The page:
In this episode, I am joined by Leiko Hidaka, an Evidence Based Birth® Instructor from the Dominican Republic. Leiko holds a Master’s degree in Human Settlements and Environment. She earned her birth doula certification with DONA International, and her childbirth educator certification with the International Childbirth Education Association. She serves as International Coordinator for ICAN, and also leads the local ICAN chapter of the Dominican Republic, where she is a highly respected and passionate leader for women’s autonomy through evidence based care. Leiko became an EBB Instructor in 2018, and she teaches classes and workshops for parents and birth professionals in the Dominican Republic. She is also working to establish a free standing birth center there.
Leiko and I talk about what birth is like in the Dominican Republic, and the challenges all women face in finding the provider who is right for their unique needs. We also discuss a technique called motivational interviewing, and how to use that strategy to navigate communication with providers.
Trigger warning: This podcast address obstetric violence and fear.
- Follow Leiko Hidaka on her website, Instagram, and Facebook
- Click here for the Evidence Based Birth COVID-19 resource page.
- Click here to see EBB’s new Sample Informed Consent Form for Refusal to Separate Birthing Parent and Infant. This document is also available in Spanish.
- For Spanish translations of EBB’s one-page handouts, click here.
- Check out our Spring Sale in the Evidence Based Birth Shop! T-shirts are on sale – buy two, get $10 off your order. Also – we are offering FREE downloads of the e-book version of Babies Are Not Pizzas!
- The Evidence Based Birth Pro membership is on sale through this Friday, May 1! Click here to get 20% off the monthly or annual term.
Rebecca Dekker: Hi, everyone. Today, I’m so excited to welcome Leiko Hidaka to the Evidence Based Birth® podcast. Before we get started, I have a few important announcements. First, this Monday, on April 27, we released another research update on COVID-19 that you can access on our COVID-19 resource page, evidencebasedbirth.com/covid19.
Rebecca Dekker: In that update, we also addressed a few of the questions that have been submitted by our listeners. These questions are: how accurate are tests for SARS-CoV-2? And what about the accuracy of antibody tests? Should I be worried about being discharged home early from the hospital after giving birth? And which prenatal visits should be face-to-face, which should be virtual or omitted entirely?
Rebecca Dekker: Again, you can access the archives of our newsletter, including the Q&A’s, by going to evidencebasedbirth.com/covid19, and then scrolling to the research update for April 27. On that page, we also have a sample-informed consent form for people who want to refuse newborn separation if they test positive for COVID-19. I’m pleased to announce that that form has also been translated into Spanish and is now available on the resource page as well.
Rebecca Dekker: Speaking of Spanish translations, we recently added some more translations to our one-page handouts that anybody can download. Just go to evidencebasedbirth.com/translations to download those printer-friendly PDFs for free. And speaking of free, from now until May 9, we’ve made the ebook of Babies Are Not Pizzas: They’re Born, Not Delivered free in the Evidence Based Birth shop.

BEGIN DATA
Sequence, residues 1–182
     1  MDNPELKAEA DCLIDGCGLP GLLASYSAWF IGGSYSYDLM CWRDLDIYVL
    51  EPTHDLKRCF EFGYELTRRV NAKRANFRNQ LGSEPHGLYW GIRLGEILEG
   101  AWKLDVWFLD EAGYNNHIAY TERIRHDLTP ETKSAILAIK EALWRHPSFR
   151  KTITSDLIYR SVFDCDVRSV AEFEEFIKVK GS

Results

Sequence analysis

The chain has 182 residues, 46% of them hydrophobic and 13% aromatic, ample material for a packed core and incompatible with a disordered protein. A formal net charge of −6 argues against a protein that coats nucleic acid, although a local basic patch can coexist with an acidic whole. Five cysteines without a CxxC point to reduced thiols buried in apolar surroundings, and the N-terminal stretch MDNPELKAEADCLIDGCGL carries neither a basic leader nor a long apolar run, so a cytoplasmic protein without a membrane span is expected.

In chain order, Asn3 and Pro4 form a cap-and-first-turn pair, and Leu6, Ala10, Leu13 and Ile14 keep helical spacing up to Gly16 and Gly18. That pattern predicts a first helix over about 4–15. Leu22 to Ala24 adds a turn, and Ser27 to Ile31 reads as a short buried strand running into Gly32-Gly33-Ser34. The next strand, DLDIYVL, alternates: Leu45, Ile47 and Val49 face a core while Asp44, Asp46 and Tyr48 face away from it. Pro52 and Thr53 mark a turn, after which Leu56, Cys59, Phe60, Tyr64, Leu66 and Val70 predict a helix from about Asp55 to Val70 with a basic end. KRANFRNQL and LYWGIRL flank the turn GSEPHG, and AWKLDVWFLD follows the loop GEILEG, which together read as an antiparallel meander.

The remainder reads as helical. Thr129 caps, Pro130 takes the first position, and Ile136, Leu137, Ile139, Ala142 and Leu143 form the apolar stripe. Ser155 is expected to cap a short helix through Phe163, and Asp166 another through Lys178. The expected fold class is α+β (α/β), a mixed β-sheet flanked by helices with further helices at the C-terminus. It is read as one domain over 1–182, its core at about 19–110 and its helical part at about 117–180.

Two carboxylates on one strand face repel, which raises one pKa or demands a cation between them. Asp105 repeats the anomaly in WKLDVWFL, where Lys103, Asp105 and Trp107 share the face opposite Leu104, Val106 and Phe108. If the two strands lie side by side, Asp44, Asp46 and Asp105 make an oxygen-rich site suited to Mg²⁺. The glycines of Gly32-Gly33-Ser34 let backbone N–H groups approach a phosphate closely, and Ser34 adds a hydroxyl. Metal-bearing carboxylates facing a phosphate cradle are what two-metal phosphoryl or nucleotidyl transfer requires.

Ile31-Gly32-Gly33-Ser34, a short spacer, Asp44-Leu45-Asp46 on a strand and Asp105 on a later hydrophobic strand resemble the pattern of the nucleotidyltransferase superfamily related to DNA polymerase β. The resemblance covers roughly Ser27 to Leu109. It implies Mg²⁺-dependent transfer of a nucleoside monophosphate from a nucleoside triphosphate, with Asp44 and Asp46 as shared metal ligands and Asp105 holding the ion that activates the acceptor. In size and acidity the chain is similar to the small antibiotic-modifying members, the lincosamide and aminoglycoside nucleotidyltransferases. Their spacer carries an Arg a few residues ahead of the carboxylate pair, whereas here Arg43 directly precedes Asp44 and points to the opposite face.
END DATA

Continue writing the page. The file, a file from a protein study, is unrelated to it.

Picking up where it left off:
Rebecca Dekker: Just go to evidencebasedbirth.com/shop to get that free download of the ebook. And while you’re there, check out our t-shirts that are on sale right now. We’ve got Waterbirth isn’t just for Mermaids and Babies Are Not Pizzas t-shirts on sale. Finally, we’ve had a lot of new people joining our Evidence Based Birth professional membership this month. We reduced the price, and you can join at the reduced price through Friday, May 1. So there’s just a couple days left to join at that lower price.
Rebecca Dekker: And now let’s get to our interview with Leiko Hidaka. In this interview, Leiko is going to talk about how she helps her clients in the Dominican Republic find the right provider for them. Now, before you listen to the interview, I do want to provide you with a trigger warning, and that trigger warning is that, during this conversation, we will discuss descriptions of obstetric violence.
Rebecca Dekker: Obstetric violence, also sometimes referred to as mistreatment in childbirth, is extremely common in the Dominican Republic. It’s less common in the U.S., where I am located. A recent study by Vedam et al called The Giving Voice to Mothers Study found that 28% of people who gave birth in the hospital in the U.S. described experiencing mistreatment.
Rebecca Dekker: In that same study, they also found that Black women, Hispanic, indigenous and Asian women in the maternity care system were twice as likely as White women to report that a healthcare provider ignored them, refused to answer their request for help or failed to respond to their requests for help in a reasonable amount of time. Families of color were also more likely than White women to report that their physical privacy was violated, and that they were shouted at, scolded, threatened or physically abused by healthcare providers.
Rebecca Dekker: So although some of what Leiko may talk about may shock you, in terms of how pregnant people are treated in her country, obstetric violence or mistreatment in childbirth can happen in other countries as well and it does happen in the U.S. and affects some populations greater than others. As a doula, Leiko is advocating for better care in her country.